Accounting Standards Board Essay

1130 Words 5 Pages

Accounting standard boards exist both in the United States and other countries. Our economies move to a more globalized environment a global standard or accounting methods and guidelines has become necessary. Over the past decades with the help of the Internet we have seen our economy grow from a national one to a global one. With this comes new challenges and opportunities. Companies can have potential investors in other countries as well at home. For foreign investors to look at U.S. based companies they need to have a financial standard that they can understand. For this both the U.S. and European country’s have come to the conclusion that a unified accounting standard needed to further our economies. There are
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Now this company can generate greater resources than could have been done if it were looking at investors just in the United States Potential investors can now come from any country in the world.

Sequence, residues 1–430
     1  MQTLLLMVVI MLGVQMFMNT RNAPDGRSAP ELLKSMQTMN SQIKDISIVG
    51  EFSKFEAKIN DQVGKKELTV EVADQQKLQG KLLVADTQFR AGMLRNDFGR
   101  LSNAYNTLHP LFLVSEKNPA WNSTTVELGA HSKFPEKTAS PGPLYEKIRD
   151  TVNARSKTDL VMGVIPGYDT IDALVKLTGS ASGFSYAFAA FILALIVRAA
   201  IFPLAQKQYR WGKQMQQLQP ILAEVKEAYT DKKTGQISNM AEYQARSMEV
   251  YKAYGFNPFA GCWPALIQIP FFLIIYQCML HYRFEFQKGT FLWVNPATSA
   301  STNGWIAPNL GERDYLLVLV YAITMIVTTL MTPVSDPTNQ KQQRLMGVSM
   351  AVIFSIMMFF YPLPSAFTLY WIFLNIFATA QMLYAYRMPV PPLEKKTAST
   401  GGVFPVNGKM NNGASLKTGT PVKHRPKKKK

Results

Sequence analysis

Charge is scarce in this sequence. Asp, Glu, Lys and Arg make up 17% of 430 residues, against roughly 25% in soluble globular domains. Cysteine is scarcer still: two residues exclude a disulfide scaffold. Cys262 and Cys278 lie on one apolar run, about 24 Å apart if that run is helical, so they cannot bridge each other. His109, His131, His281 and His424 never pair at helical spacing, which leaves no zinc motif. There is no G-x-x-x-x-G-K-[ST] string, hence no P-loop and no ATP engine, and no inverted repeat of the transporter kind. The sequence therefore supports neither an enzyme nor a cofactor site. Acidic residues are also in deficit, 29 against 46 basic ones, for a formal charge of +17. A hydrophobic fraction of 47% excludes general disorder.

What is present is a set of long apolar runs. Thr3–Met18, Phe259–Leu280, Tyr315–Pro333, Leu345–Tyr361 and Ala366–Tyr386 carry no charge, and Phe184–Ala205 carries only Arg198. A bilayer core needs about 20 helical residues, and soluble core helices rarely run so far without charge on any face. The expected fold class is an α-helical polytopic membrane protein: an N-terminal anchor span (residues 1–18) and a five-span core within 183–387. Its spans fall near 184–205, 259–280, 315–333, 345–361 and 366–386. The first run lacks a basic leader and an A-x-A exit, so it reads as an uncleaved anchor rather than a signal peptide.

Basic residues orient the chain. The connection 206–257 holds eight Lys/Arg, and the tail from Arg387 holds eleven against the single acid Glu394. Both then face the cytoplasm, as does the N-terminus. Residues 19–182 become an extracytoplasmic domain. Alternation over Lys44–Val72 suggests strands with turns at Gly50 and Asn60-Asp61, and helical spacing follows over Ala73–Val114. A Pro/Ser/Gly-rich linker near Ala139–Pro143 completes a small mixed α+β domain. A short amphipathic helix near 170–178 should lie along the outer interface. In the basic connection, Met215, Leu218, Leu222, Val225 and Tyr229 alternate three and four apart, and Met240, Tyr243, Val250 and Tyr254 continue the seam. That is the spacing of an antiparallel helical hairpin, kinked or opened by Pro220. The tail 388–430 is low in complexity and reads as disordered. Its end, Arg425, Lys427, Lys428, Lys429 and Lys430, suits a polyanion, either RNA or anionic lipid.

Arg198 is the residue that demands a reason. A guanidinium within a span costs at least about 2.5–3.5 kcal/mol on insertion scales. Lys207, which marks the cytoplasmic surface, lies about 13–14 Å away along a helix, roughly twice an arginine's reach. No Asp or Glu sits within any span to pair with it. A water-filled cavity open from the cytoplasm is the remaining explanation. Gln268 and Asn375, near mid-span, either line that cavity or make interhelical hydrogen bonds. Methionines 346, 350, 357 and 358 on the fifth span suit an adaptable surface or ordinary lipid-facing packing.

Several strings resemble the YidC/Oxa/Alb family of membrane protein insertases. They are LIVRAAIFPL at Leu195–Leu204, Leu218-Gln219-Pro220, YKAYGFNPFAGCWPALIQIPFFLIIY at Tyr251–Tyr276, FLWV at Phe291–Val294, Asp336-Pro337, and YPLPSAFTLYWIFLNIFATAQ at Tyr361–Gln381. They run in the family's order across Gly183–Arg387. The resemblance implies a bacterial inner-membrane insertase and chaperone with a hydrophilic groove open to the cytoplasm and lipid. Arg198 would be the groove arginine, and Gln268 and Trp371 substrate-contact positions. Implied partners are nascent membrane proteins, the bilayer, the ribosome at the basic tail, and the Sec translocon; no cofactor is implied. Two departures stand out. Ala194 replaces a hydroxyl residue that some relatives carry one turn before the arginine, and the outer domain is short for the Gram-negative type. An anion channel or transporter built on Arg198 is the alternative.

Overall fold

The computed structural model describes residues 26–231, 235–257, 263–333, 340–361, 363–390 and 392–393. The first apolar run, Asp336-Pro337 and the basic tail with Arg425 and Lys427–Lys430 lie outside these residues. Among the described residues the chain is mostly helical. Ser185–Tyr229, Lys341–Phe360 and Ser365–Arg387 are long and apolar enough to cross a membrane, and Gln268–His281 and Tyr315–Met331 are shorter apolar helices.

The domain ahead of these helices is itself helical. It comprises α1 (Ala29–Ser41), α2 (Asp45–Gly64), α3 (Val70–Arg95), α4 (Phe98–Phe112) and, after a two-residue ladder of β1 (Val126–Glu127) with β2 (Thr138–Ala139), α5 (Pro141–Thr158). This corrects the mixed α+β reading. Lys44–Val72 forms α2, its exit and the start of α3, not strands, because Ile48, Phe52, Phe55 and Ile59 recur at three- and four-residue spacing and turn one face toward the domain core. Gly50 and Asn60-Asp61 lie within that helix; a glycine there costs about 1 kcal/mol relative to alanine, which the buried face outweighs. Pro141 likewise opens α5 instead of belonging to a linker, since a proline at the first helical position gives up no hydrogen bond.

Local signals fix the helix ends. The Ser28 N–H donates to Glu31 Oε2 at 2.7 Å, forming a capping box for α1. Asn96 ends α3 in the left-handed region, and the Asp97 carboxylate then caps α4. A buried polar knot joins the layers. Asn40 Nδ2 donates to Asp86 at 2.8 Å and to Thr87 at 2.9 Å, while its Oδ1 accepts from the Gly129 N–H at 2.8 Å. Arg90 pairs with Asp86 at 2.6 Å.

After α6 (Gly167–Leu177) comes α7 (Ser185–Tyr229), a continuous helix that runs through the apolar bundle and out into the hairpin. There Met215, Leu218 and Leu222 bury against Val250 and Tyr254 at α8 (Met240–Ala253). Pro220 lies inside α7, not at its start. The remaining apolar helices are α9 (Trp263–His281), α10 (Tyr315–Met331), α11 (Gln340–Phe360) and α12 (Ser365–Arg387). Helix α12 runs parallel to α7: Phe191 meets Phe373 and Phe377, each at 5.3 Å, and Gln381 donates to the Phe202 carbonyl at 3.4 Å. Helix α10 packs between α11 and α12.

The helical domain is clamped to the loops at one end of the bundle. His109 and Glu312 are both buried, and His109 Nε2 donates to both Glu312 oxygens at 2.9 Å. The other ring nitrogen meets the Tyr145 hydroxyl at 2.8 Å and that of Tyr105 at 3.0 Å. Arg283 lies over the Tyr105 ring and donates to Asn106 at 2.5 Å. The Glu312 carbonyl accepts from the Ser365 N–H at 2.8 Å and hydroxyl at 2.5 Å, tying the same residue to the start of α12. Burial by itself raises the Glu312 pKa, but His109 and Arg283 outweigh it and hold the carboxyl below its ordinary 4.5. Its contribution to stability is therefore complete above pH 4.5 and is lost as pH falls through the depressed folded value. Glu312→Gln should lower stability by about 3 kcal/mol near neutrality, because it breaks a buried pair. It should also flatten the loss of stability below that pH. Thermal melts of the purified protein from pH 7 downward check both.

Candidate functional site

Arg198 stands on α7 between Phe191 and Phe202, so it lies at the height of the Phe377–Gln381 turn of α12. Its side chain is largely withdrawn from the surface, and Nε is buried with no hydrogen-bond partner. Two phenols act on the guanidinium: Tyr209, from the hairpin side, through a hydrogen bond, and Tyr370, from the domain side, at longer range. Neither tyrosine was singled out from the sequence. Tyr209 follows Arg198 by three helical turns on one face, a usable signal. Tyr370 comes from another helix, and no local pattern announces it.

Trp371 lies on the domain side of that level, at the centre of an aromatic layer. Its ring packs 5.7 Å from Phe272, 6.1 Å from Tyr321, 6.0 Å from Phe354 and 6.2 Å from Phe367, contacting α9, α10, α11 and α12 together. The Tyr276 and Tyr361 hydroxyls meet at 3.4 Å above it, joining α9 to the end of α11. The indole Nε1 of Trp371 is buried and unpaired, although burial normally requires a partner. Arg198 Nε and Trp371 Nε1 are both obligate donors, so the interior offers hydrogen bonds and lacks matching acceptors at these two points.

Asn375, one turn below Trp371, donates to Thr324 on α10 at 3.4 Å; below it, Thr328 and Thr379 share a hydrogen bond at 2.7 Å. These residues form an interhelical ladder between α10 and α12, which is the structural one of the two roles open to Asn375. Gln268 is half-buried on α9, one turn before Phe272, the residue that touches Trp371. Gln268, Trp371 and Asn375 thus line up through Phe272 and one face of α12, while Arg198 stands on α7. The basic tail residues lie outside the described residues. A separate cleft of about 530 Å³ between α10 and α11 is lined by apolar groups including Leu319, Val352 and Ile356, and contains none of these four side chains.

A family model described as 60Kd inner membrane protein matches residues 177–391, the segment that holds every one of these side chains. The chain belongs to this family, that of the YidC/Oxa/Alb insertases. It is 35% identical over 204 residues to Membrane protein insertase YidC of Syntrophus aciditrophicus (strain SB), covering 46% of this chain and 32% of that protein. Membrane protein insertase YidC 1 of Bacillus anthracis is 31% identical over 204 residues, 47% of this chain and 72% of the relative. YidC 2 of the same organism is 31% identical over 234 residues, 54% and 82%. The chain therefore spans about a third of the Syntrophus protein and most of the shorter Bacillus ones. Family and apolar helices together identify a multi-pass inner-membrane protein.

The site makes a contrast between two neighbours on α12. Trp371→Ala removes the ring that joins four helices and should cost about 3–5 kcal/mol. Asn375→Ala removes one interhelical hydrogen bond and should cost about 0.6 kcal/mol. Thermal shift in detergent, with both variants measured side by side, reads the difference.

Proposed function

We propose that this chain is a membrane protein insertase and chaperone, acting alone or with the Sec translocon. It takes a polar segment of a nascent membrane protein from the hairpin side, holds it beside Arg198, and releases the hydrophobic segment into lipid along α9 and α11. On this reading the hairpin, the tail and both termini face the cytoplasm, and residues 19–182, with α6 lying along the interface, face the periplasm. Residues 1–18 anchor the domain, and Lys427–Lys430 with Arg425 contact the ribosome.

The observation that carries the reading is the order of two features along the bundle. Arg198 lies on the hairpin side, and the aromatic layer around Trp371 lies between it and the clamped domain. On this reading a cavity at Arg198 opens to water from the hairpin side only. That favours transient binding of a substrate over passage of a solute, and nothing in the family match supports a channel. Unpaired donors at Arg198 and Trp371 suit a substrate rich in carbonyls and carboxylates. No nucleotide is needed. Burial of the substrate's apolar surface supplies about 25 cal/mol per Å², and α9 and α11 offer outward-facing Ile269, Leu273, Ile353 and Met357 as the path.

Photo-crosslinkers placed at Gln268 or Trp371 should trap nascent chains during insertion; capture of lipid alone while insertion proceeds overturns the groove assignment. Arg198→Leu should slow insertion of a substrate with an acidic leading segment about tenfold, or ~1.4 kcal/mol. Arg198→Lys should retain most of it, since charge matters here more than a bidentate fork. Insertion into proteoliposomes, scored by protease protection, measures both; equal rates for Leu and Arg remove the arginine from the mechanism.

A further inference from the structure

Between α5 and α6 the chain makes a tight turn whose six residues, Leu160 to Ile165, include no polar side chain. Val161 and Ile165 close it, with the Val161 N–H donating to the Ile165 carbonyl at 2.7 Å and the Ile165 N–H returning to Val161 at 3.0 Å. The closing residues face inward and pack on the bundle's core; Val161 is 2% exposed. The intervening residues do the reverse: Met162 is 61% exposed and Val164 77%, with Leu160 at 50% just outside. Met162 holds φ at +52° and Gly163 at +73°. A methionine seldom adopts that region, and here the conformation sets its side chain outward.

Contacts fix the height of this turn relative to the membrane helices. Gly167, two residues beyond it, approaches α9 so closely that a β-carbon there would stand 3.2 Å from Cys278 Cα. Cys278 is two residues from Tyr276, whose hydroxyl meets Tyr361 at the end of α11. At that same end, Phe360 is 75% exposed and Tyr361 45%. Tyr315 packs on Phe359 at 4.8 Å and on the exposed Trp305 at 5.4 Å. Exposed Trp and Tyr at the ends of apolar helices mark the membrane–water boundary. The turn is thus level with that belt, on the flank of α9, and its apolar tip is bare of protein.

The United States has a governing body for how publicly traded companies disclose their financial data, Financial Accounting Standards Board (FASB), its counterpart in the international community is International Accounting Standards Board (IASB). “In 2002, the Financial Accounting Standard Board (FASB) and the International Accounting standards Board (IASB) announced their joint commitment to the development of accounting standards that could be used for both domestic and cross-boarder financial reporting” (Schroeder, Clark, & Cathey, 2011, p. 78-79). “In 2004 Financial Accounting Standard Board (FASB) and International Accounting Standards Board (IASB) announced two joint projects: one to develop and improve a common conceptual framework second to establish a common, high-quality standard for the presentation of information in financial statements. In 2005 the chief accountant of the SEC described a “road map” for arriving at a common set of high-quality global standards and announced that the SEC was examining the possibility of the removal of the need for the reconciliation requirements for non-U.S. companies that use International Financial

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